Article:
This poor, decrepit hack-horse drags along pulling the fear of man behind him. Someone startles him with, “You go with that Reformed bunch in the little white church!” To which the answer may be, “I’m too old to change,” or, “my parents make me.” When it is further demanded, “How do you stand a sermon for a whole hour?” (or for forty-five minutes!), he is nearly ready to apologize to Satan. The hack-horse will let one pull one ear this way and the other that. He is more concerned with the smile of a frivolous friend or a fool’s opinion than seeking first the kingdom of God. So a young woman may be bound by the cords of vanity to win a vain, empty, brainless man; and a young man may deny the faith to be known as a free-thinker or a man of culture. Both the young woman and the young man may be slaves of custom, style, the passing fad, of what other people think, slaves of the crowd. They pull the rickshaw now, but soon will be staggering to haul Juggernaut. They think themselves hung about with daisy chains, but will find them iron shackles, and that they love them. 

The load of sin always increases, as in the days of the horse-drawn garbage wagons the weight increased as the day wore wearily on, while the poor nags struggled to keep on with their toil. So it is with those who make long pilgrimages on their knees or wash in the Ganges, the world’s most horribly polluted river. The National Geographic Magazine once showed Hindu holy men with their backs pierced so a thong could be drawn through the skin, thus to hitch them to heavy loads which they pulled, parading their pitiful “piety.” Self destruction also becomes a game in the name of Bacchus, god of the bottle, or in the name of Aesculapius, god of the syringe. Demons gloat over such fools. Slaves to sin drag their dreadful loads as though it were a great sport. 

Then the road worsens. The load becomes heavier, the way stonier, the ruts deeper, the grades steeper, the pot-holes boggier. The cup of sin; at first, is like a bubble-headed goblet of champagne, but they who drink it must do so to the very dregs of gall. The old nag, after fifty years of hauling the load of sin, looks like an old hag chased by fifty howling wolves. Harnessed and harassed by sin, loaded down with it, driven by it, they are finally wrecked by it. Then the cords of sin eternally hold the sinner. The unjust remains unjust still, and the filthy, filthy still (Rev. 22:11a). Judas enmeshed with threads of Utopia became bound with cables of unavailing remorse. Samson entangled in the nylon net of a woman’s wiles was soon captive to a Philistine tow-rope to his undoing. He was Delilah’s hack-horse before he became the Philistine’s blind mill-horse. A man is a slave to lust before he is a slave to the devil.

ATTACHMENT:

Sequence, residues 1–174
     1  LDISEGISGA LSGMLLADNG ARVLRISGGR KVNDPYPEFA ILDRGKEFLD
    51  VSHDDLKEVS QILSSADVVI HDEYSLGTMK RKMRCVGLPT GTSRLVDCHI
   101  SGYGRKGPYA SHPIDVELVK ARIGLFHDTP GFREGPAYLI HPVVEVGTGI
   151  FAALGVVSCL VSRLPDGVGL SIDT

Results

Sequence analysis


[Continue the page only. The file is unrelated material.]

In the end, the load finally crushes the hack-horse. The devil drives him onward and downward pell-mell along the precipitous slope where it is impossible to turn back or aside; then the load itself overtakes and crushes him. They who engage in joint worship with Romanists and Modernists are hack-horses for the pope. Adherents to the ecumenical movement are pack-horsing for Antichrist. The devil is not finished yet, driving such abjects as Belshazzar the drunkard, Dives the glutton, Ahasuerus the lecher, Demas the Mammon-lover, and Gehazi and Judas the greedy. 

This old, bony, sway-backed, tottering clod-hopper is ready to fall to pieces. But at day’s end it cannot be taken from harness, nor removed from the traces for fear the miserable, ancient carcass could never be hitched up to get going again. It stands trembling, dozing, and fitfully dreaming until awakened at dawn with the sharp crack of the hard-taskmaster’s whip. Who can break this slave out of its bondage? Who wants to? Helplessly and hopelessly bound, it perishes in its slavery.

The Lord Jesus Christ Himself was bound with our sins. At Gethsemane He was bound with chains. Before Pilate and Herod He was bound. So when He was scourged and while bearing the cross of Golgotha. He was bound with nails. Our sins riveted Him to the gibbet. There He was our Substitute. He took the place of condemned bondslaves. Because He was so bound we are able to overcome the devil, bind the strong man, spoil his house and trample him vanquished under our feet. Then we go to sing the song of the soul set free! Hallelujah!